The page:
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Understanding Surface Tension

  1. Jan 23, 2014 #1
    I am studying surface tension and I am summing up what I have learnt through books till now:

    → On a molecular level, due to unbalanced forces on the uppermost level, the liquid molecules tend to
    go down the liquid.

    → As the molecules go down, the uppermost layer shrinks in size and tries to go down. As it does
    so, such a point is reached where it can no longer suppress itself against the pressure offered
    by the liquid beneath it.

    → As a result, the layer becomes perfectly horizontal and behaves like a stretched membrane. The
    force per unit length experienced by the molecules on the surface film is called surface tension.

    → The particles on the outermost layer has some potential energy (ie Surface energy) which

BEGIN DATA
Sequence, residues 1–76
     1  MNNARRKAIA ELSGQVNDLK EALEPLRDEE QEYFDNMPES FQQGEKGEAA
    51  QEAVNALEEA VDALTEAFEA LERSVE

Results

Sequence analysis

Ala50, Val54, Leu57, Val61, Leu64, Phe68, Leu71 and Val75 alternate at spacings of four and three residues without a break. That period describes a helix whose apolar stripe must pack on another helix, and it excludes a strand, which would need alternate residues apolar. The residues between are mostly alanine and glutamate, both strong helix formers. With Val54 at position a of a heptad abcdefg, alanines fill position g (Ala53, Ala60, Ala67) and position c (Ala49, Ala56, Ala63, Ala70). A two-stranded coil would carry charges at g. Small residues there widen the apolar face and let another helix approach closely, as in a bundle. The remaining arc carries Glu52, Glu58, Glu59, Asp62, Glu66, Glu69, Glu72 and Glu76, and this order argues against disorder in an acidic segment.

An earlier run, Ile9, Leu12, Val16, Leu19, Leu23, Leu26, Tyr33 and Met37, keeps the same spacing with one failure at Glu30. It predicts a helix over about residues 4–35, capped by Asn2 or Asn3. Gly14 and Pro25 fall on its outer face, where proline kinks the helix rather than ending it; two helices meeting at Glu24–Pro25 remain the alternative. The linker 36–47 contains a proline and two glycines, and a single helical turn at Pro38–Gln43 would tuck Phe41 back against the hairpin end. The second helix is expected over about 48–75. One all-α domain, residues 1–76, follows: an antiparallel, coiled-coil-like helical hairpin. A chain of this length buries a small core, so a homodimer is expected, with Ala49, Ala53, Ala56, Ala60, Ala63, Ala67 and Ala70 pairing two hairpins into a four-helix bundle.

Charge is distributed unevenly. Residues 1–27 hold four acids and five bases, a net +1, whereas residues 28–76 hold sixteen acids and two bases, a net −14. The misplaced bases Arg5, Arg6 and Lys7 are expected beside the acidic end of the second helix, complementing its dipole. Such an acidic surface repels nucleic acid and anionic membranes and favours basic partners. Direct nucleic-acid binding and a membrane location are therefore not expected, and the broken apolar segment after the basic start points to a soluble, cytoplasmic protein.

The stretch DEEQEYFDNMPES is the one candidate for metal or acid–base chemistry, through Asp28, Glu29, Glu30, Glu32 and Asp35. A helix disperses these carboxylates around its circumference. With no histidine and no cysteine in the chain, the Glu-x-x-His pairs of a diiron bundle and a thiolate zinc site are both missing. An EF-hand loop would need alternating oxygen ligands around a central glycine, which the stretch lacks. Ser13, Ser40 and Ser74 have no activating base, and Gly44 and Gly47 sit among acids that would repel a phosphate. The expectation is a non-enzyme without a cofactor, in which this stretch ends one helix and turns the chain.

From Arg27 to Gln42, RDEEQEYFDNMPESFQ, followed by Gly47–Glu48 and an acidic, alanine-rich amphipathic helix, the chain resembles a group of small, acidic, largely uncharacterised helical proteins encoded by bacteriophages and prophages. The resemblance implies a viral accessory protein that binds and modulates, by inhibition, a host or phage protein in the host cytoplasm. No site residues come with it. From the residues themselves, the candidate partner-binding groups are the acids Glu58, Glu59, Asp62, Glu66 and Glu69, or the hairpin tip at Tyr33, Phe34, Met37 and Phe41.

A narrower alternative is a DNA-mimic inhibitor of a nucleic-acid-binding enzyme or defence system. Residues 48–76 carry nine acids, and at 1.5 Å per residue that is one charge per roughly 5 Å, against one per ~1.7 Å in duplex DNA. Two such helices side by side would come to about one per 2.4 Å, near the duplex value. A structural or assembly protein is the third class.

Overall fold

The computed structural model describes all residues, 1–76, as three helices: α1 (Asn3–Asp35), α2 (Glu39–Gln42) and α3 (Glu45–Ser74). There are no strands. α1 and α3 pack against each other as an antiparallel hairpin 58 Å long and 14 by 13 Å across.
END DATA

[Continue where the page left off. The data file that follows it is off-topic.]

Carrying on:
originates from the work done in moving upwards against the intermolecular forces.

    Now, my question is: How is potential energy related to the surface area?And, how is surface energy a cause for surface tension? Can anyone explain these to me?

    Thanks for your help!

    P.S- I read the wikipedia article about surface tension and went through a few other sources but I am not really convinced of how potential energy stored in the molecules lead to surface tension?
    Last edited: Jan 23, 2014
  2. jcsd
  3. Jan 23, 2014 #2

    Simon Bridge

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    You can work out the relations you want by calculating the potential energy, and thus the "surface energy", yourself. I don't think we can say that the surface energy "causes" surface tension ... it is more another way of describing it. The tension and the energies are perhaps better thought of as an emergent effect "caused by" the interactions between molecules.

    What education level are you doing your studying at?
  4. Jan 28, 2014 #3
    I am a high school student.
  5. Jan 28, 2014 #4

    Simon Bridge

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